BusinessLine | 13 February 2020
Australian Trade Minister to visit India this month; to push trade, investment ties
by Amiti Sen
Australian Trade Minister Simon Birmingham will be in India later this month to discuss bilateral trade and investment issues, including the long-pending free trade agreement and the Regional Comprehensive Economic Partnership (RCEP) negotiations which India had exited late last year.
“The Australian Minister is scheduled to be in New Delhi on February 24-25 and hold talks with his Indian counterpart Piyush Goyal on trade and investment issues,” an official familiar with the Minister’s schedule told BusinessLine.
Australia-India trade has grown steeply over the last decade but it is heavily skewed in Australia’s favour. In 2018-19, India’s imports from the island-nation were valued at $13.3 billion while Australia’s imports from here were only at $3.52 billion resulting in a trade deficit of almost $10 billion.
Birmingham, in his meeting with Goyal, is likely to urge India to re-enter the RCEP negotiations. New Delhi had opted out of the talks in November last as a large number of its concerns, many related to China, were not adequately addressed by other member-countries.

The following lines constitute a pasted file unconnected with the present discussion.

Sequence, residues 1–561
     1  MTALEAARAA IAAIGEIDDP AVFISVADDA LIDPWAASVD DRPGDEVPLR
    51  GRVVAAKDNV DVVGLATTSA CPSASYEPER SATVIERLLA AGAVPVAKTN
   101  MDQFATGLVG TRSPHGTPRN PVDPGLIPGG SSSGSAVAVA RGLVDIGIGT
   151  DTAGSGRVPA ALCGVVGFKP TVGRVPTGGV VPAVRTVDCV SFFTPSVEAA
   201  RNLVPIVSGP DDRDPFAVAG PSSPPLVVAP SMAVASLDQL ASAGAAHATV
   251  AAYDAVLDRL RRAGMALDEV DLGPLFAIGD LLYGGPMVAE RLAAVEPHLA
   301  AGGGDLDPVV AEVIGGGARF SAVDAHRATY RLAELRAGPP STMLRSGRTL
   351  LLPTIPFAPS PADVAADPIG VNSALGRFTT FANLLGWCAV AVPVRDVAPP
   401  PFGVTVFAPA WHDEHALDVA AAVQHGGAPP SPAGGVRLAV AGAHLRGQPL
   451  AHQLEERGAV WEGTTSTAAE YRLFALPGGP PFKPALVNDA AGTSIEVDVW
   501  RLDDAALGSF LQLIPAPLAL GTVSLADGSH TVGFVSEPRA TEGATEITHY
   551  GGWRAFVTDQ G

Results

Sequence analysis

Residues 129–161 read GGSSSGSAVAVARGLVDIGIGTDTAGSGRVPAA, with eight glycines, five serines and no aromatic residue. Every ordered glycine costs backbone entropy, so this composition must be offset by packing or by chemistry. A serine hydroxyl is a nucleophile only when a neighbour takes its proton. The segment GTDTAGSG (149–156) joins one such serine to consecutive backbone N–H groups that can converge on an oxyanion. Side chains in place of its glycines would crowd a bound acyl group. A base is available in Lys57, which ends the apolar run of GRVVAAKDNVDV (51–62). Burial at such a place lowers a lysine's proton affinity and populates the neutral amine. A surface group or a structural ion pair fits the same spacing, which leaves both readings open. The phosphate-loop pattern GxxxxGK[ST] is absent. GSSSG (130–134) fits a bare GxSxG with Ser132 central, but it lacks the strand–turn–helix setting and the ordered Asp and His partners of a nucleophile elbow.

The 16-member proposed bloc includes the 10-member ASEAN, China, Australia, New Zealand, India, Japan and South Korea.
New Delhi’s major concerns with the RCEP included the high levels of market access being sought by other members and inadequate protection against cheap imports from China due to lax Rules of Origin norms. Following India’s exit, several members, including Australia, Japan and New Zealand, have urged it to get back to the negotiating table.
“There have been video-conferences between trade officials from Australia and India on the future of the RCEP talks. During the Australian Minister’s visit, the matter is likely to be discussed in detail,” a Commerce Ministry official said.
India, which is not ready to get back into RCEP negotiations till its concerns are met, wants to explore the possibility of entering into RCEP-like pacts with individual members such as Australia, Japan and South Korea.
“While the possibility of a pact with Australia on the lines of the RCEP has been talked about tentatively in the video-conference, important details such as the level of ambition and the sectors to be included need to be discussed. After the visit of Birmingham, things may get clearer,” the official said.
India and Australia had started negotiating a bilateral Comprehensive Economic Cooperation Agreement (CECA) in May 2011, but the talks were suspended in 2015 because of disagreement over issues such as the market access in agriculture and dairy products demanded by Australia.
“Agriculture and dairy products still remain sensitive issues for India and it is doubtful whether it can offer much in the sectors. A future trade deal between India and Australia will depend on how much both sides can compromise,” the official said.
Meanwhile, no fresh date has been fixed yet for the Australian Prime Minister Scott Morrison’s visit to the country. He had to postpone his scheduled visit to India in January because of the bush fire crisis in his country.